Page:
And yet, even Myrie, clearly so deeply committed and impassioned by the mantra of giving us the news ‘straight’, can’t help but feel occasionally peeved by the verbal crutches other journalists use when deploying the nightly news.
“I do get irritated a little when I hear journalists and news reporters on TV responding to a question with the word ‘absolutely’,” he laughs. “I promise you that now I’ve said that, you’ll notice it all the time. It’s not the worst thing in the world but it does make me want to suggest that there are other words out there that can be used other than ‘absolutely’.”
With a schedule full to bursting with news reading and now, interrogating the British public on one of TV’s most popular quiz formats, it seems to be the quest for veracity in whatever Myrie does that lies at his core. That, coupled with the desire to hear the stories of individuals who, through no choice of their own, have been placed in the centre of war, are what propels Myrie into getting on yet another flight to a difficult corner of the world.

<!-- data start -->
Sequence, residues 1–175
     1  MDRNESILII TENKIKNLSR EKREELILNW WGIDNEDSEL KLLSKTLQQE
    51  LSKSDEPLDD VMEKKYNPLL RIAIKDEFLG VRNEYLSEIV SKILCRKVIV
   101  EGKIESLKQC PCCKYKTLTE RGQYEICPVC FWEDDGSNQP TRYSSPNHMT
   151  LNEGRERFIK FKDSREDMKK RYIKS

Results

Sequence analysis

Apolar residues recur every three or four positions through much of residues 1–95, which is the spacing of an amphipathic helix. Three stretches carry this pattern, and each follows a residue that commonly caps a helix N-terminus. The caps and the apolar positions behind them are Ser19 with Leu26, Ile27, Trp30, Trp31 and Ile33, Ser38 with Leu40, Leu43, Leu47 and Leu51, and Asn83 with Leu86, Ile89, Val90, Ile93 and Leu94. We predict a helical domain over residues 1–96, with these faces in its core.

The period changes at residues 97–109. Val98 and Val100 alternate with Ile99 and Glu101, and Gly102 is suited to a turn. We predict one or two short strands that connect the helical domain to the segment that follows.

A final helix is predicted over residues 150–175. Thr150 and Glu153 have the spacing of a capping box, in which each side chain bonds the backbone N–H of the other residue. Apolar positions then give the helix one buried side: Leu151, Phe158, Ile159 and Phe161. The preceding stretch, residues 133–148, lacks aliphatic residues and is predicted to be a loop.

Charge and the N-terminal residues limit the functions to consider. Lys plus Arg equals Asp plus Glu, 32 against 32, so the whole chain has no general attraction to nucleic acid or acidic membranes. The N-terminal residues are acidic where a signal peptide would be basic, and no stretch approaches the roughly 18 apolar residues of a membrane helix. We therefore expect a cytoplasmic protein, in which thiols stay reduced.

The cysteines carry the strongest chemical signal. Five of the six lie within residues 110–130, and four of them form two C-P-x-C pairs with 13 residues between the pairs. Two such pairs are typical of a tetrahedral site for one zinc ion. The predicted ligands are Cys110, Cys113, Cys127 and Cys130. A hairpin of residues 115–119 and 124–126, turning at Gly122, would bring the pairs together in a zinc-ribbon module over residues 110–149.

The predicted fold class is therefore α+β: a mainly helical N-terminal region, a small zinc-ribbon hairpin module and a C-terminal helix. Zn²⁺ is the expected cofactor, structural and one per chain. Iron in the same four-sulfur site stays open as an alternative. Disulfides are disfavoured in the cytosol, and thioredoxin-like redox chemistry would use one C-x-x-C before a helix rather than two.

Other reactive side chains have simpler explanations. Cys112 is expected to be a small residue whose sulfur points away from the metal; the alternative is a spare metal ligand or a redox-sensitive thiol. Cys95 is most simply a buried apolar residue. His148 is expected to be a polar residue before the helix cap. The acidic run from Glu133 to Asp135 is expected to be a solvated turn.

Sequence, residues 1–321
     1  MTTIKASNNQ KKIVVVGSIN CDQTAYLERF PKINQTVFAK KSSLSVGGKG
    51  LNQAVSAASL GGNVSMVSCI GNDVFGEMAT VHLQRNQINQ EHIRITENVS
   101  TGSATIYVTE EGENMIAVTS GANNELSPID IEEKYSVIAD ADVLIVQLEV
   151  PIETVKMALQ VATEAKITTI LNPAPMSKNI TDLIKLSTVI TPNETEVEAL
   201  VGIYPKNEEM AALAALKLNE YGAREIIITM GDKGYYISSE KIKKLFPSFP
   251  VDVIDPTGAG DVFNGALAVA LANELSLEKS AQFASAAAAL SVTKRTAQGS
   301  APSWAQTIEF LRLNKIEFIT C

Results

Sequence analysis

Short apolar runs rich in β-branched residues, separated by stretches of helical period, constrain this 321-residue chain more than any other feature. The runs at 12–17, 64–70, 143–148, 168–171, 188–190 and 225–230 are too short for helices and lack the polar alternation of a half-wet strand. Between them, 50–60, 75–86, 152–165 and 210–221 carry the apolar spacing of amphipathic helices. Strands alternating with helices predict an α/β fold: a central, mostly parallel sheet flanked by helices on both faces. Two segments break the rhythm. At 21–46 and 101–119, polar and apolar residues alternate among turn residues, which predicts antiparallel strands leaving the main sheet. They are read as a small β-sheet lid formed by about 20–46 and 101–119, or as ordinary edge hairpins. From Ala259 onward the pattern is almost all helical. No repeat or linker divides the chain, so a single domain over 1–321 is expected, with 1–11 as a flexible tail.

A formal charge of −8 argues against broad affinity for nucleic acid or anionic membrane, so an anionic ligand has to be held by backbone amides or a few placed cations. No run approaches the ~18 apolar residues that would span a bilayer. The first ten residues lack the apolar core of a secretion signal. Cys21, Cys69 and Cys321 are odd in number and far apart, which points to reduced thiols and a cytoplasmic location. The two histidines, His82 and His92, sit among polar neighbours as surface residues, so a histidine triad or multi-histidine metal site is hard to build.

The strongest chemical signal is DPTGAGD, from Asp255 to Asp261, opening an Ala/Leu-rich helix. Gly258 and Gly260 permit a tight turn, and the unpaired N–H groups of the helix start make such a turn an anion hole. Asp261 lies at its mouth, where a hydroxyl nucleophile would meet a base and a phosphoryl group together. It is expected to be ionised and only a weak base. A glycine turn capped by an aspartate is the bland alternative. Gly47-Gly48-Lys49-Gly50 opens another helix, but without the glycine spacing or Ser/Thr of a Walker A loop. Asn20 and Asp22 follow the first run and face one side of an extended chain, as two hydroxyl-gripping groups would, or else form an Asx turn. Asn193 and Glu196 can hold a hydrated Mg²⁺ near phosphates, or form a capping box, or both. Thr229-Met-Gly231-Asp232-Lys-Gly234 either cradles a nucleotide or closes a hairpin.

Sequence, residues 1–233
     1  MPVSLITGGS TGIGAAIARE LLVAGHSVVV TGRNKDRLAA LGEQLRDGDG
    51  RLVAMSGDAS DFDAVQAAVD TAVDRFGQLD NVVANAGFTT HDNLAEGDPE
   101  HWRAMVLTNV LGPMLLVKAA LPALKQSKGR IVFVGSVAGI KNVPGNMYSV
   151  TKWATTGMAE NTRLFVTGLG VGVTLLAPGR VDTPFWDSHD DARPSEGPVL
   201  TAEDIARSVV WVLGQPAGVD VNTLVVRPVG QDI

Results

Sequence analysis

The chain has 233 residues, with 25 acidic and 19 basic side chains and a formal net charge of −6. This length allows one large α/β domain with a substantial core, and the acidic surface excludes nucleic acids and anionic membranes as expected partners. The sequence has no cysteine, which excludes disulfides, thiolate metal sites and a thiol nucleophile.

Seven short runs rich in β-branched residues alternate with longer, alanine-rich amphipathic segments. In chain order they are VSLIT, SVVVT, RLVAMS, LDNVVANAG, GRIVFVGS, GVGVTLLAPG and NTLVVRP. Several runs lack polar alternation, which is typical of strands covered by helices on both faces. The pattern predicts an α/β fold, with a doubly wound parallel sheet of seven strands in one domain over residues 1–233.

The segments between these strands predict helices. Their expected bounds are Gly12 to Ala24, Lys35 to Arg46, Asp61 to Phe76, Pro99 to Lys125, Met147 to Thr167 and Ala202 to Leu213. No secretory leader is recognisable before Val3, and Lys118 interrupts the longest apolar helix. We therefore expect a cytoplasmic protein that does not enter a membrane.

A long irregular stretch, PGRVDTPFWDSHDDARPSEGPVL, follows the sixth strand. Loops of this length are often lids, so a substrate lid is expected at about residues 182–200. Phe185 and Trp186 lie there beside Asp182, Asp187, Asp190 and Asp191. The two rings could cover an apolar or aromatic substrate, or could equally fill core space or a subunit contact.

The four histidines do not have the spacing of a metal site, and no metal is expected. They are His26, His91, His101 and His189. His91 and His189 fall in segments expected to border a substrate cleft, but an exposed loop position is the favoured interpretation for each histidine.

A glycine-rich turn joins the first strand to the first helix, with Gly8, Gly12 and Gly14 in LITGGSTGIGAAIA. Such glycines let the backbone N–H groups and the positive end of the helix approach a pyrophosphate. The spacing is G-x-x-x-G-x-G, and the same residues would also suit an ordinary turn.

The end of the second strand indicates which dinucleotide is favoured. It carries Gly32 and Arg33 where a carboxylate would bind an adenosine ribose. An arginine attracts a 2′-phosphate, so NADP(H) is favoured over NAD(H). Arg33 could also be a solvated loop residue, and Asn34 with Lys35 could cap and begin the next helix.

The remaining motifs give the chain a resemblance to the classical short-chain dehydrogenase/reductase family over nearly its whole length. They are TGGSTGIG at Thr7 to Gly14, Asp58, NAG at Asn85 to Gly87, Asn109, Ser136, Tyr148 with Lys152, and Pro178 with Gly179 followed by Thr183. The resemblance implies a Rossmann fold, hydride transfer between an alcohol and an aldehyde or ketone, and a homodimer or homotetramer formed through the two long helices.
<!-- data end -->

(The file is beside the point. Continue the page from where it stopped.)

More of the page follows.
“Civilians are always bearing the brunt of armed conflict. But I’ve seen more and more cases of civilians being specifically targeted in recent years. It’s changed, it’s gotten worse,” he says.
“It’s made me even more determined to try and tell the truth and try to be as objective as possible. It’s stiffened my resolve to report on the mechanics of conflict and the dynamics of the wars we’re living through.”
Ukraine’s Musical Freedom Fighters with Clive Myrie is available on BBC iPlayer now